My name is Tom Ball, and I am a second year student at the University of Birmingham. I’m working with the George Marshall Medical Museum from October through into December. I am here to explore the history of medicine in Worcester, and uncover the lives of those that have - voluntarily or not - contributed to our understanding of medical science.
I am originally from Worcester. My father has lived here for 25 years, myself for 21, and neither of us had any idea of Worcester’s rich history in regards to medicine. When I first saw the museum for myself, I was astounded at the hidden history, the importance of Worcester in the history of medical science - and, admittedly, slightly ashamed of my ignorance. Despite the old adage of the dangers of assuming, I suspect that this museum holds nothing short of a surprise to Worcester and her people. There has clearly been a wonderful job done here to ensure there is something in every display to make you say - “Wow! I had no idea.”
It certainly came as a shock to me that Worcester hosted, in her older days, the face of Women in Medicine - Florence Nightingale. It was even more of a pleasant surprise to see one of her letters hanging in the display cases.
While I knew of the executions that used to take place in Worcester, to see the faces of the criminals hung was something of a morbid fascination. As moulds were made of the deceased’s heads - creating so-called Death Masks - there is something somewhat indescribable about looking into the face of a murderer, executed some 100 years before you were born.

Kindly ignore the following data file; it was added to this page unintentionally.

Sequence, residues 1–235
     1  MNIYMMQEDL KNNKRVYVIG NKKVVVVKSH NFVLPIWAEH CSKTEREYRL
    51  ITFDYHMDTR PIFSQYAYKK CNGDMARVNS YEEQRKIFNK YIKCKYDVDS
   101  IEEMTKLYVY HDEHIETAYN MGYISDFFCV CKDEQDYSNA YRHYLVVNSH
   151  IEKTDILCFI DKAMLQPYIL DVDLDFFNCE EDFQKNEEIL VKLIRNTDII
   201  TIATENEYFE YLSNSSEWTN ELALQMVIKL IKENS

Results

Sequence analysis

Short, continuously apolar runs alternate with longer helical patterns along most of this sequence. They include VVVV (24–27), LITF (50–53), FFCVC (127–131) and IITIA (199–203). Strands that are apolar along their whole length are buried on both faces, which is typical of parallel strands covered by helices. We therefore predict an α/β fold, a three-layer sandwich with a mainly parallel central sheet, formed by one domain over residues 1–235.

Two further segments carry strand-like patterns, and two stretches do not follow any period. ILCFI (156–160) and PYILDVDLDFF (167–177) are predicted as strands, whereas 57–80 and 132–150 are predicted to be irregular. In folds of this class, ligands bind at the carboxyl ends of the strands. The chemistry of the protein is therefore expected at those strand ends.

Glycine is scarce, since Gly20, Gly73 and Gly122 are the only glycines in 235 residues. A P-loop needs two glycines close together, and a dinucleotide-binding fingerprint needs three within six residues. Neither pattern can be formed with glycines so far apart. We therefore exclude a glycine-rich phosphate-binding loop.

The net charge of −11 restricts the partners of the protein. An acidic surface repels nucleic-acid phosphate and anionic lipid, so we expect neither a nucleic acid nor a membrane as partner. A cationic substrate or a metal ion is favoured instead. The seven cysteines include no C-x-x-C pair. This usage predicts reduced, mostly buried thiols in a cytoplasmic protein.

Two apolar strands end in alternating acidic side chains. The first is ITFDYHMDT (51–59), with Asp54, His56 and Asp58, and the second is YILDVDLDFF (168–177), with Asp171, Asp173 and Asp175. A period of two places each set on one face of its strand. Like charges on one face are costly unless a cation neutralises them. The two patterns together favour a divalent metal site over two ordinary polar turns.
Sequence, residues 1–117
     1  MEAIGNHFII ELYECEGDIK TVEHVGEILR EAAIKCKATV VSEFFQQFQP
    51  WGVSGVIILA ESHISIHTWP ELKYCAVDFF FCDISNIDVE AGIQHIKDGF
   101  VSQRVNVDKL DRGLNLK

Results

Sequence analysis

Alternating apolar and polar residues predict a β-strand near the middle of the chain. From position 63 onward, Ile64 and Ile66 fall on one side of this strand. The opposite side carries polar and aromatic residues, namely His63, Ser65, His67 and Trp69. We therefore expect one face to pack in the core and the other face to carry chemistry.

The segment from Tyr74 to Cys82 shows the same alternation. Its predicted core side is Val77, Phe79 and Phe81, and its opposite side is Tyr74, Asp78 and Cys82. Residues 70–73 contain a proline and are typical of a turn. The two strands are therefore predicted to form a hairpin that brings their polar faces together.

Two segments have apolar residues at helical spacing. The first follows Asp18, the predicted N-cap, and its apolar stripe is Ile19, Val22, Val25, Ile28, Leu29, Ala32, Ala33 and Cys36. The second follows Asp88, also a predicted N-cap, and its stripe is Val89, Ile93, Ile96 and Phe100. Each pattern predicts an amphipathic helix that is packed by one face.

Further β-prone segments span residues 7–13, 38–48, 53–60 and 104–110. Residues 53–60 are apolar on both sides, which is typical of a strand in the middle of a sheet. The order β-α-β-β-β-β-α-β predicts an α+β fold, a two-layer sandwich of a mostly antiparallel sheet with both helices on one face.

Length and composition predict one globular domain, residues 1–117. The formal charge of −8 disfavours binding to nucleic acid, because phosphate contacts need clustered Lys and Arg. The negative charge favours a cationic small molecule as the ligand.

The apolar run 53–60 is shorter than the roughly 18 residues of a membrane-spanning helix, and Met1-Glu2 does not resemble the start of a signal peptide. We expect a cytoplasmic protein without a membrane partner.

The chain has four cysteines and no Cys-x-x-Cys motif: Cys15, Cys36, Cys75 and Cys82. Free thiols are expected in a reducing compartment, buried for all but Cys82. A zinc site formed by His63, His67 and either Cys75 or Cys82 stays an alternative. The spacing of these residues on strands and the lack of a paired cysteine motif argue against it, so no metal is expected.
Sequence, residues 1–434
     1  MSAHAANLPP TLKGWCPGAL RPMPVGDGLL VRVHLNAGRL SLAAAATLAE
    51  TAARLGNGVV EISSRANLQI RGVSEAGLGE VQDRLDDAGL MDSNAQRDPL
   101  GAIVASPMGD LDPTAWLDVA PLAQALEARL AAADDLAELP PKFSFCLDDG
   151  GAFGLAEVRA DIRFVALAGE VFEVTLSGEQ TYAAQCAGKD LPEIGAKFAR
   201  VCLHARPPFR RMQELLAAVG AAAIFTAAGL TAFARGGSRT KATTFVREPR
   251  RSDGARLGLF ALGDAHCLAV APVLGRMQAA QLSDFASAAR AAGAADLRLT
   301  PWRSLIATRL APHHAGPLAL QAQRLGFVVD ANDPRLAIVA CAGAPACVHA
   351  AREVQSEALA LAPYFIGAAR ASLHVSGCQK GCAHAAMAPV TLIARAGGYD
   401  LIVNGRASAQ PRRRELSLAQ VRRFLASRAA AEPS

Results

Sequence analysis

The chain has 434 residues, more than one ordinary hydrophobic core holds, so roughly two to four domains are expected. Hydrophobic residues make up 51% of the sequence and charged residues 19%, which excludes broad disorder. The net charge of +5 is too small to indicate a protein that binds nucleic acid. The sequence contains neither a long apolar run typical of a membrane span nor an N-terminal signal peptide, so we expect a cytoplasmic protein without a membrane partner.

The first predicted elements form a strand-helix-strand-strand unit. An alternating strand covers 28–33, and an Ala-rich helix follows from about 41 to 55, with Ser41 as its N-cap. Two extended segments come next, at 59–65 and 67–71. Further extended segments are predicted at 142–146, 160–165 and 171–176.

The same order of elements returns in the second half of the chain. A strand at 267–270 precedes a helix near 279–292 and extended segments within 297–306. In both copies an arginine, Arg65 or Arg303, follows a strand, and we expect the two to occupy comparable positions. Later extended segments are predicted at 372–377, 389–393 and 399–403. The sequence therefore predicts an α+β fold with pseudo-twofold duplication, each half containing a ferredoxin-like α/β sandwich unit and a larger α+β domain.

I think the artefact that sticks out to me most prominently, is simply a wooden chair. It does not sit in a display case, in fact it is nestled in the corner between two larger displays. The description of it, under the ominous title of Amputation Chair, tells us that this is an original object from the Worcester infirmary. Patients from Worcester had been strapped in this chair, anxiously awaiting for a surgeon - with little knowledge of disease, bacteria, or hygiene - to saw through their bones. And, looking at the desperate scratch marks etched into the wood near where the hands would have been restrained, it would be fairly safe to assume that most patients (or is that victims) started to wish they’d just taken their chances.
The museum, at the risk of sounding cliche, is nothing short of a hidden gem nestled away in a quiet corner of our city. It is crafted from surprises, original pieces from the original infirmary, and manages to touch on the morbid curiosity all of us are carrying - especially around this time of the year.